There is, I repeat *no other way*.

            To deny this is to deny the Catholic Faith that comes to us from Christ and the Apostles.

            It seems that many deny it lately.

            By their fruits you shall know them.

  • http://aol Jim

    Rick:
    It seems all this dogma and truth talk has you perplexed. If I were
    you I’d take a long holiday from all this theological parlez-vous and try to get in touch with your higher self, your Spirit, and let God’s peace flow like a river until you are through these diabolical rapids that have put you in such a tizzy. Shalom.

  • Rick DeLano

    “It seems all this dogma and truth talk has you perplexed.”

    >> It does? I do not see what evidence you are working from here. Project much?

    If I were you

    >> Heh heh heh…….

    I’d take a long holiday from all this theological parlez-vous

    >> Hmmm. It seems that “trans-theology” involves long holidays from theology….not much of a surprise so far……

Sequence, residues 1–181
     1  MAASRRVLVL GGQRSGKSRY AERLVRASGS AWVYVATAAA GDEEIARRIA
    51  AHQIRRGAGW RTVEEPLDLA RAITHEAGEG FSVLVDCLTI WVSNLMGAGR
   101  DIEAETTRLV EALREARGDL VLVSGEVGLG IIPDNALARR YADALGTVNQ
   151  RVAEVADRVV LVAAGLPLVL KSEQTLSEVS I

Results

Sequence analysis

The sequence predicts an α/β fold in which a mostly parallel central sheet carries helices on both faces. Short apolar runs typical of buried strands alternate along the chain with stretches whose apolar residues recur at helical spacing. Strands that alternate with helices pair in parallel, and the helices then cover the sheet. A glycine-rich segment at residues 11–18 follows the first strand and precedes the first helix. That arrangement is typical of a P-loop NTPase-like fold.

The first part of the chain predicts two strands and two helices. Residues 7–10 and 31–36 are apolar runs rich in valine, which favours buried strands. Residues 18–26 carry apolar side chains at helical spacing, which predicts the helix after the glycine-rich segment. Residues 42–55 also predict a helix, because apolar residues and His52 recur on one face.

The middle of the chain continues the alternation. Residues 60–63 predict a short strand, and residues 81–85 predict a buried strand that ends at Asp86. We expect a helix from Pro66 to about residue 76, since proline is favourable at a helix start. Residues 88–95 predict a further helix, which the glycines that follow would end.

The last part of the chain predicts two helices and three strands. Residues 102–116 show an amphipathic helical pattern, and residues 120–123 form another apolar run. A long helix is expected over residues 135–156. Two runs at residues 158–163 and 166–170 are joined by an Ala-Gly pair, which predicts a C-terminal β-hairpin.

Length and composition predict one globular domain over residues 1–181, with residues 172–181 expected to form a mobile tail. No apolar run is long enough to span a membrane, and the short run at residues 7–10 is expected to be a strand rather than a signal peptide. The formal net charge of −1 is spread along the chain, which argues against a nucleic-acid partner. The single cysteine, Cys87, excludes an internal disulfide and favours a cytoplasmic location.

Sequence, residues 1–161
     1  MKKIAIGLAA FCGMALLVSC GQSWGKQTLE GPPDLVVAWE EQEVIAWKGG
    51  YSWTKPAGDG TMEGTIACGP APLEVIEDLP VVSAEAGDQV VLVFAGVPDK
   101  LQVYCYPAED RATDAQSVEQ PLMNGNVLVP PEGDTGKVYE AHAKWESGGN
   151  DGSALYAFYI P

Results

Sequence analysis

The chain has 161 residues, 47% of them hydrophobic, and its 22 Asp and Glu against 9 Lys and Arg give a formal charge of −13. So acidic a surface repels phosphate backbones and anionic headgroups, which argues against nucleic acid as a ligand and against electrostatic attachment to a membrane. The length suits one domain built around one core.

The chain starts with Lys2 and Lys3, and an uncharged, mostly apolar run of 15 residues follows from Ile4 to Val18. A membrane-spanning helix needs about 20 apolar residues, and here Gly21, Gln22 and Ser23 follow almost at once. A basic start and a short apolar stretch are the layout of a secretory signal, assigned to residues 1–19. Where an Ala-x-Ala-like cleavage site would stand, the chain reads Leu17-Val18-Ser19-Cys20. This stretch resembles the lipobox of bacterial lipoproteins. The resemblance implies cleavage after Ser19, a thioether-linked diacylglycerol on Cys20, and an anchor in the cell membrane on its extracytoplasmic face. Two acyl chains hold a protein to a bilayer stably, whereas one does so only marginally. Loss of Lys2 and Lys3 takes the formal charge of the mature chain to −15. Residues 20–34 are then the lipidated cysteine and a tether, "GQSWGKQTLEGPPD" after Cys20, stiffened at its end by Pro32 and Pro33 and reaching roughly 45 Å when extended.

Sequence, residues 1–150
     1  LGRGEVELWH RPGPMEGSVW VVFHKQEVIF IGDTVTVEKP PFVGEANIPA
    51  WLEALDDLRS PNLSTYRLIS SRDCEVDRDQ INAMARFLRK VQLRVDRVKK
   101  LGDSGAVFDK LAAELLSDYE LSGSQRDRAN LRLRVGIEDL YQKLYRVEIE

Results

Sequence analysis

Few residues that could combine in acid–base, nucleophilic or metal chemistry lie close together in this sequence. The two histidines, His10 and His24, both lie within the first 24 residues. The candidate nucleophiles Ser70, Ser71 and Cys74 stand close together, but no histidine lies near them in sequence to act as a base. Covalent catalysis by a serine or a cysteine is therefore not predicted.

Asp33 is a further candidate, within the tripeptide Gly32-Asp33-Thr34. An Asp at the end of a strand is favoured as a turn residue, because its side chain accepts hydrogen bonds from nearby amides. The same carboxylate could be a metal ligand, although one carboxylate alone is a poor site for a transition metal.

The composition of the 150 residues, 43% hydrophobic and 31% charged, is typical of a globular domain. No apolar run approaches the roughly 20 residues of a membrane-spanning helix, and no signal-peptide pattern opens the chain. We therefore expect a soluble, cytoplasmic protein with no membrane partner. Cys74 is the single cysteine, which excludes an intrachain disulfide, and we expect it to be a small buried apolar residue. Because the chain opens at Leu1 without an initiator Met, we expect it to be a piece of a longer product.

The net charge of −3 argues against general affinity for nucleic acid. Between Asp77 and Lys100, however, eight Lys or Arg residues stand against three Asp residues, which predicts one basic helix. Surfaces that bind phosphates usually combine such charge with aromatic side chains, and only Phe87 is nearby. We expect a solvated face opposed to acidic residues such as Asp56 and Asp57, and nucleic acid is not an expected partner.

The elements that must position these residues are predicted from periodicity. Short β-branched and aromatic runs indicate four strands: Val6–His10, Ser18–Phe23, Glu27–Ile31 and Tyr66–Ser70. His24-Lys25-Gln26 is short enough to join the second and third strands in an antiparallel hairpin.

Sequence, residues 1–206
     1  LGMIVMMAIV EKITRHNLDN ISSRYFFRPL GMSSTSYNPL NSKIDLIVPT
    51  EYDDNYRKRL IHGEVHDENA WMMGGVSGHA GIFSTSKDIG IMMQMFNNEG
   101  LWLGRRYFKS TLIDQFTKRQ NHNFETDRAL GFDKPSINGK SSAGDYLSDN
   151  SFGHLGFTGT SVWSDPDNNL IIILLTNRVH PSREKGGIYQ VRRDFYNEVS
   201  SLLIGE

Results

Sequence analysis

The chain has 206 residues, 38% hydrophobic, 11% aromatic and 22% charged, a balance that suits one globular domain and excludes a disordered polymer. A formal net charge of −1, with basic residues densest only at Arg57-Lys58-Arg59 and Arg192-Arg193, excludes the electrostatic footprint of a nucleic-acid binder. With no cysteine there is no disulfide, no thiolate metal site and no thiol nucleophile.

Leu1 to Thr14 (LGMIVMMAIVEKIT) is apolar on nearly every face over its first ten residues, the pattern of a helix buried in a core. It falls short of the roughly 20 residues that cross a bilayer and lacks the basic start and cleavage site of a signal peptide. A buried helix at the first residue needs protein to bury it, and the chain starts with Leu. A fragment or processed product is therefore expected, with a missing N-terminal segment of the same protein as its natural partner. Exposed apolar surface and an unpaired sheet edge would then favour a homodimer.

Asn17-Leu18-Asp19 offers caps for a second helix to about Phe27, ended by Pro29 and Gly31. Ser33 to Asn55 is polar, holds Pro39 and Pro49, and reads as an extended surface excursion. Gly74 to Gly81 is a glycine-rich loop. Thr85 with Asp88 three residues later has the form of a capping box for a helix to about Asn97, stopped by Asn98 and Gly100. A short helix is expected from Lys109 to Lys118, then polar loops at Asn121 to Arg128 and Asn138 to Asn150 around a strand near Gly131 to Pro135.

“and try to get in touch with your higher self, your Spirit,”

    >> “Higher self”?

    Oh, my.

    It looks as though “trans-theology” pulls a familiar little dipsy-do here…. the same one the serpent pulled on poor Eve- not my “s”pirit, mind you, my “S”pirit…….

    “you shall be like gods……”

    “and let God’s peace flow like a river until you are through these diabolical rapids that have put you in such a tizzy. Shalom.”

    >> I believe that the word “diabolical” certainly applies here. Just not in the sense you perhaps expected.

  • http://aol Jim